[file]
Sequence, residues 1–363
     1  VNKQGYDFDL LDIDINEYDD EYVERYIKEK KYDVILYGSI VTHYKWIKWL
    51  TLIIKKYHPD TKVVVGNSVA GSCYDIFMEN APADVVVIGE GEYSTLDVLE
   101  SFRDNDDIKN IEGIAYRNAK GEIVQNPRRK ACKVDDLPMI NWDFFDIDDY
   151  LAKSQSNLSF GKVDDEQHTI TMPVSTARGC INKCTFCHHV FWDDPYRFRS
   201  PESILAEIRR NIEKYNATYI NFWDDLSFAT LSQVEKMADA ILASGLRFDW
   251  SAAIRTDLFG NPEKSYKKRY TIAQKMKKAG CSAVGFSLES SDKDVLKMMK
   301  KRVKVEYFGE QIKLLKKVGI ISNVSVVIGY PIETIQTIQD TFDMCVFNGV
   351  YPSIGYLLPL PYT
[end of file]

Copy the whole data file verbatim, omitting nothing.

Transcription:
Sequence, residues 1–363
     1  VNKQGYDFDL LDIDINEYDD EYVERYIKEK KYDVILYGSI VTHYKWIKWL
    51  TLIIKKYHPD TKVVVGNSVA GSCYDIFMEN APADVVVIGE GEYSTLDVLE
   101  SFRDNDDIKN IEGIAYRNAK GEIVQNPRRK ACKVDDLPMI NWDFFDIDDY
   151  LAKSQSNLSF GKVDDEQHTI TMPVSTARGC INKCTFCHHV FWDDPYRFRS
   201  PESILAEIRR NIEKYNATYI NFWDDLSFAT LSQVEKMADA ILASGLRFDW
   251  SAAIRTDLFG NPEKSYKKRY TIAQKMKKAG CSAVGFSLES SDKDVLKMMK
   301  KRVKVEYFGE QIKLLKKVGI ISNVSVVIGY PIETIQTIQD TFDMCVFNGV
   351  YPSIGYLLPL PYT